I found a nice table though, in a relatively lighter area of the bar.

A waitress of about 150 came up to me.

"You can't sit there." She said. "It's reserved."

I looked to see how and where it said that it was reserved. There was no evidence of it., but being in a compliant mood, I moved.

"You can sit here if you want." She said, showing me a very dark area of the room.

At that moment my friends arrived.

"This table's a bit dark isn't it?" said Debbie.

I explained that I had tried to sit on the one on the other side of the room. "Oh I know said Jane. "I tried too, but that waitress over there said that it was reserved. I couldn't see any sign though. She's very old. I think that she probably worked here when I used to come here twenty years ago."

"Aahh" I said, "so who did you interview in here then?" Feeling pleased with myself that I had "guessed" correctly.

Oh no-one, she said. "I just used to meet friends here."

Hubby called. The lack of reception down in the cellar meant that I needed to go upstairs to take the call. Hubby had though taken charge at the Gloucestershire end. "It's all sorted." He said. "So just enjoy yourself."

We had a brilliant afternoon.

My friend Debbie treated me to a lovely lunch in a very nice Italian restaurant in Covent Garden. We could see each other in there too, which was a plus. On the downside, we weren't relying on nice dim candlelight to hide away the wrinkles of the last twenty years. Candle lit cellar bars do have some advantages.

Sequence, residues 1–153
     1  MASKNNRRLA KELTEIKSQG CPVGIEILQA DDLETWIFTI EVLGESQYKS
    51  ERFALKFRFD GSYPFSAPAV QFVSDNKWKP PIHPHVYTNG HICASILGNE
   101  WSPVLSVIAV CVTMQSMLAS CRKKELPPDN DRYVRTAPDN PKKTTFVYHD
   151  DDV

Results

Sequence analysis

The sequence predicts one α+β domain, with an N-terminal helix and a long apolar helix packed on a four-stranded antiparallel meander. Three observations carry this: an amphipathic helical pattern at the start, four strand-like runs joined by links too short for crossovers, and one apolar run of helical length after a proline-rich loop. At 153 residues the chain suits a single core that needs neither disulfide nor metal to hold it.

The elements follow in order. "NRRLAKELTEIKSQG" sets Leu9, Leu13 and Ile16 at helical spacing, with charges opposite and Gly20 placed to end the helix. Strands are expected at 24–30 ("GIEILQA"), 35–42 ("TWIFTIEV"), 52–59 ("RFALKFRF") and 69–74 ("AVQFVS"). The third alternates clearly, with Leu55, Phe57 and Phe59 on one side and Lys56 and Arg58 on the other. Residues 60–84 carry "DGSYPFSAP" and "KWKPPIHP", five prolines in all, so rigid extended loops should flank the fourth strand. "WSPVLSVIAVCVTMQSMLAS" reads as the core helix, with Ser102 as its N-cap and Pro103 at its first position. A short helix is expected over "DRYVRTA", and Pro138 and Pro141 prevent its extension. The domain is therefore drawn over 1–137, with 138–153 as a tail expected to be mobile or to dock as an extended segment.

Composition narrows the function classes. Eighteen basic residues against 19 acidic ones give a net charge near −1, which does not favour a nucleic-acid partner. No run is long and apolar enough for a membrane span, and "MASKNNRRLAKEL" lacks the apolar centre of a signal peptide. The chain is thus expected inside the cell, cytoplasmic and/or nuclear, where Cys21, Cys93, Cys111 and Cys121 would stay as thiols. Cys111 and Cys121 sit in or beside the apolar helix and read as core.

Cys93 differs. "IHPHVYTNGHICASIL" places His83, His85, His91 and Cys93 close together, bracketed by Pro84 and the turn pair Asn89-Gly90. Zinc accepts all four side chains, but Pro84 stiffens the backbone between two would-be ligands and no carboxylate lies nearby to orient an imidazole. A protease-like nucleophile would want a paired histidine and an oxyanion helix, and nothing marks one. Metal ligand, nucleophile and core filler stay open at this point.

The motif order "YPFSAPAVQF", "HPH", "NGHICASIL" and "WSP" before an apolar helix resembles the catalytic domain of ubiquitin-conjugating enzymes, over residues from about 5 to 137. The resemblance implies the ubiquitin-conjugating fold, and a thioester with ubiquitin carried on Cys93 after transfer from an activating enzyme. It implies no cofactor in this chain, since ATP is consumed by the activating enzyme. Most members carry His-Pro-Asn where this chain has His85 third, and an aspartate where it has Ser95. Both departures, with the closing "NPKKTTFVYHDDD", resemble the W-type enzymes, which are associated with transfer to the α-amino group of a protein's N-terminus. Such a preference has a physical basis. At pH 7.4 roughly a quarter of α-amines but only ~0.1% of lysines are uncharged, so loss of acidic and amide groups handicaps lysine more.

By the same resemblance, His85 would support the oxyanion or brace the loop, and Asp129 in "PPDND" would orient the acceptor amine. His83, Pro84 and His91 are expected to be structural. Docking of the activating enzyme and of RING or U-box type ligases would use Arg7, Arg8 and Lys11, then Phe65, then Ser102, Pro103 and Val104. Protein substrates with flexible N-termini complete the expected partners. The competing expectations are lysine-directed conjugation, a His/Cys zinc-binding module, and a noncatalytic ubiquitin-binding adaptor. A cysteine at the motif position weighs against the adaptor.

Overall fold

It was over all too soon sadly.

Back at Victoria Coach station I went to where the buses looked as if they were departing. The only thing was that I was unable to see how to get into the departure lounge. There seemed to be buses in the way, which were being sprayed with water.

I looked around desperately for a door, and in the end decided that a bit of cold water wouldn't hurt, so walked through the shower.

It was very wet. I was... a little soaked.

I asked a man where I could find the bus for Gloucestershire.

"Over the road Madam. This is the arrivals area."

So that was why they were washing the coaches.... on their way IN to the bus station......

Ping, went the phone. Message from Hubby, with the ticket details...... thank you Hubby.

Ensconced on my coach finally with a nice cup of tea, I immersed myself in my book. It's good to have journeys every so often....

Just before I got off at Gloucester I thought that I would use the coach "facilities", before my drive home.

And then ................. the door swung open on me as we turned the corner ............and for a second time that day I had been "seen" in a somewhat uncompromising position. I walked back to my seat, averting all eyes..... and immersed myself in my book, once more.

I finally got home. Sensible was back home from her rugged training day.

"Was it good?" I asked.

"Yes." She said. "The only thing is. You know the tinned tomatoes that I took to cook?"

"Yes," I said.

"Well. They weren't tomatoes. It was a tin of custard.."

"Oh," I said. "Not so good on pasta then?"

We Lomax women have a way of doing things.........

Thursday, March 12, 2009

Big Dilemma!

It's a dilemma.

You see, I have been doing a maternity cover at a very nice comprehensive school in a very nice rural area. It started half way through the summer term last year and was due to last the best part of the year.

It's been a mixed bag of course. Somehow I seem to have managed to end up with a seriously large proportion of bottom set teaching, which can be ... challenging, and the journey in is, at 38 miles each way... tedious.